The attack came as a profound shock to the American people and led directly to the American entry into World War II in both the Pacific and European theaters. The following day, December 8, the United States declared war on Japan. Domestic support for non-interventionism, which had been fading since the Fall of France in 1940,[19] disappeared. Clandestine support of the United Kingdom (e.g., the Neutrality Patrol) was replaced by active alliance. Subsequent operations by the U.S. prompted Nazi Germany and Fascist Italy to declare war on the U.S. on December 11, which was reciprocated by the U.S. the same day.

From the 1950s, several writers alleged that parties high in the U.S. and British governments knew of the attack in advance and may have let it happen (or even encouraged it) with the aim of bringing the U.S. into war. However, this advance-knowledge conspiracy theory is rejected by mainstream historians.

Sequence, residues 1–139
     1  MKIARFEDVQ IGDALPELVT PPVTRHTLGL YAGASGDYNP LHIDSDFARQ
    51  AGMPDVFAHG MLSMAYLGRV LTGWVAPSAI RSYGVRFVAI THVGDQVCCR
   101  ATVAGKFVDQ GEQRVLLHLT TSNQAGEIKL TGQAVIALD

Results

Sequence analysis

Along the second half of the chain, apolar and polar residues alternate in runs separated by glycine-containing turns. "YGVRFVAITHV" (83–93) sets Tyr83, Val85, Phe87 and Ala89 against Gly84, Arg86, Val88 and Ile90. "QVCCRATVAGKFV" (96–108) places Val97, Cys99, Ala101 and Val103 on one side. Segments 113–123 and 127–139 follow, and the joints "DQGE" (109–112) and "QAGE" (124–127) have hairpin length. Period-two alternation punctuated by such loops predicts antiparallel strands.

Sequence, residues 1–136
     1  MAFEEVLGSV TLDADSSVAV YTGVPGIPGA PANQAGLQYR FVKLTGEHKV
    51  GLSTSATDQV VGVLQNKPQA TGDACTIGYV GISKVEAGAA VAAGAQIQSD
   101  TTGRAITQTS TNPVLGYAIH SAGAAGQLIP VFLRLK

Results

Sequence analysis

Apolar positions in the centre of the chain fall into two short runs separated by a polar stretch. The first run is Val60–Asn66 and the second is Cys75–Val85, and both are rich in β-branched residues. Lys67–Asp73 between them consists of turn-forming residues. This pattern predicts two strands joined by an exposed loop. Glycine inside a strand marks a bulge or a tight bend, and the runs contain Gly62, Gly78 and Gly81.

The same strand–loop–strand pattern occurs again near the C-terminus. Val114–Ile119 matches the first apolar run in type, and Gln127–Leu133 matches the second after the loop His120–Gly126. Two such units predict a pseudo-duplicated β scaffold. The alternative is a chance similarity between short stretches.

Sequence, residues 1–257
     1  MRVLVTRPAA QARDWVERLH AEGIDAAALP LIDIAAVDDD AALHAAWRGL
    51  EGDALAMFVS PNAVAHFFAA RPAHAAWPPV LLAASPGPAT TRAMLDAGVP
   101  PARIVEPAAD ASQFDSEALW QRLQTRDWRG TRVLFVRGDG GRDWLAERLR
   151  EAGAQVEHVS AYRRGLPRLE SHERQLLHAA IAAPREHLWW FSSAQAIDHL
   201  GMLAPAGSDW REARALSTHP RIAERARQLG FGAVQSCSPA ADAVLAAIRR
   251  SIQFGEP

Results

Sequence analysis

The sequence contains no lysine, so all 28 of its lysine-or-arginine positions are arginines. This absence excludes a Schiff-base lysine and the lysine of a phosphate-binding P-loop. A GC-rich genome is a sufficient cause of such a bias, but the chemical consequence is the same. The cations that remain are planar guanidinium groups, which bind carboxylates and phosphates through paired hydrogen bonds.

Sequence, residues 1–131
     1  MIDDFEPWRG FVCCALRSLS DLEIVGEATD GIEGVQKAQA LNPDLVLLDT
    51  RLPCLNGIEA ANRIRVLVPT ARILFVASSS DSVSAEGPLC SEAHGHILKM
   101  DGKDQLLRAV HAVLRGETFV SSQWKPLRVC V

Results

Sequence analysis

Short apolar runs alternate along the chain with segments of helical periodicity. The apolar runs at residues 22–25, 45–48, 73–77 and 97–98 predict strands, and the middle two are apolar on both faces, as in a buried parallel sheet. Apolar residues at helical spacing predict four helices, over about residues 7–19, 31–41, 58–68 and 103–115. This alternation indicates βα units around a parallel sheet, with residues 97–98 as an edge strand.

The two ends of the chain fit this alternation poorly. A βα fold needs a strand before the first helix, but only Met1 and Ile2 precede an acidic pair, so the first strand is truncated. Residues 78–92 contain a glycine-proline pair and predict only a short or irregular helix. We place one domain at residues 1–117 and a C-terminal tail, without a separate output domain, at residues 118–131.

There were numerous historical precedents for unannounced military action by Japan. However, the lack of any formal warning, particularly while negotiations were still apparently ongoing, led President Franklin D. Roosevelt to proclaim December 7, 1941, "a date which will live in infamy". Because the attack happened without a declaration of war and without explicit warning, the attack on Pearl Harbor was judged by the Tokyo Trials to be a war crime.
   
My Participation in This Battle or Operation
From Year
1941
To Year
1941
 
Last Updated:
Jul 16, 2014
   
Personal Memories
   
My Photos From This Battle or Operation
No Available Photos

  2014 Also There at This Battle:
  • Atkins, Edward F., S2c, (1936-1946)
  • Atkins, Maurice Lee, S2c, (1936-1946)